The noose has tightened around Iraq’s beleaguered people — at least those who haven’t already taken sides in the uncivil war between Sunnis and Shi’ites. Those who are fleeing are being denied asylum — even those Iraqis who have helped the “coalition.” Those who haven’t fled can’t get aid.
The latest news today from IRIN, the U.N.’s dogged news service:
Hell, in the triple-digit heat they can’t even get electricity. Yesterday, IRIN reported:
The only real surge is an ominously increasing polarization of Iraqis, as today’s IRIN story points out:
“Sunni volunteers are being sent to Sunni neighbourhoods and Shia to Shia areas,” he added.
Ahmed recently became vice-president of the IAA after Jamal Hussein, the former vice-president, was killed while delivering aid in a Baghdad suburb.
“He was killed because he was a Shia helping Sunni families. For this reason we prefer to send volunteers to areas where at least they can be welcomed,” he said.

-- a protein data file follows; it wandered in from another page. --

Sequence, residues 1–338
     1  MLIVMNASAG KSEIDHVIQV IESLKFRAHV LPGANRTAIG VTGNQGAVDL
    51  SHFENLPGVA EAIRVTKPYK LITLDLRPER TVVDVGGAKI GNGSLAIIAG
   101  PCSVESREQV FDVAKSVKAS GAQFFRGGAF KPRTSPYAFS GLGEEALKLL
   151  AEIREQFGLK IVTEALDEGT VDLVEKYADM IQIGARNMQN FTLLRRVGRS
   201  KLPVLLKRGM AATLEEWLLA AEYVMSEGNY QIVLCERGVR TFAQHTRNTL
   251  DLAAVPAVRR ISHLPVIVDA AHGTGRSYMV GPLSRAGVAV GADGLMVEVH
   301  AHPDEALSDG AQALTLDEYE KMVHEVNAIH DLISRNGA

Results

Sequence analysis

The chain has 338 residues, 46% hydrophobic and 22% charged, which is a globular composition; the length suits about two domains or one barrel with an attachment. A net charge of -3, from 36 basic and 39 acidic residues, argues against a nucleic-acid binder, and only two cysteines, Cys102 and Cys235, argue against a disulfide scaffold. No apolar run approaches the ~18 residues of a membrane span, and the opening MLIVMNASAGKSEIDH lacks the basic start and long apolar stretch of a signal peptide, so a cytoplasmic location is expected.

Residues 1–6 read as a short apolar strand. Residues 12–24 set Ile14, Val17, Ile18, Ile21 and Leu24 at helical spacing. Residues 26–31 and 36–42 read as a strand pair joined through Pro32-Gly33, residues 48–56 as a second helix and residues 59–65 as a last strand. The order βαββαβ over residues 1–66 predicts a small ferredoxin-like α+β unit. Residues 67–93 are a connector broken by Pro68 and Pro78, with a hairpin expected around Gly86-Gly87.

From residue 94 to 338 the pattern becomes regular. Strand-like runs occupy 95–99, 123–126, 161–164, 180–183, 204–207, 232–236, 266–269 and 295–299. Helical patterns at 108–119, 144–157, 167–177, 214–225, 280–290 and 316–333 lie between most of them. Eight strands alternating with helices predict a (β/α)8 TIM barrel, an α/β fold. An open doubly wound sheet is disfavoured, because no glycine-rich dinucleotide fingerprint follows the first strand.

As if mad bombers weren’t enough of a threat, it’s Iraqi vs. Iraqi, Muslim vs. Muslim. Here’s more:
“Dora, Sadr City, Adhamiyah, Alawi, Batawin, Hayfa and Hurryia are the most dangerous places,” Mayada said.
“We had to stop using cars with emblems of our aid organisation to prevent us being targeted,” she said. “We have to carry the supplies in small cars making many trips, each time taking a different route.”
Mayada and Ahmed agreed that Baghdad had never been so violent, and aid had never been so hard to deliver. They said many local non-governmental organisations (NGOs) had stopped their operations after being targeted.
“The easiest way for them [armed groups] to make you stop your work is by kidnapping one of your volunteers. Since December 2006 when Iraqi Red Crescent staff were kidnapped, we have become scared and have had to adopt a low profile in our work, delivering aid according to which areas are safe, rather than which ones have more needs,” Mayada said.
“Some aid agencies have moved to northern areas of Iraq to continue their work in relative safety, even if the needs there are less than in Baghdad,” Ahmed said.
Even the reviled U.S. presence in Iraq is no longer unifying Iraqis. Unplug your iPod and imagine yourself in Baghdad.
This article from the Village Voice Archive was posted on August 22, 2007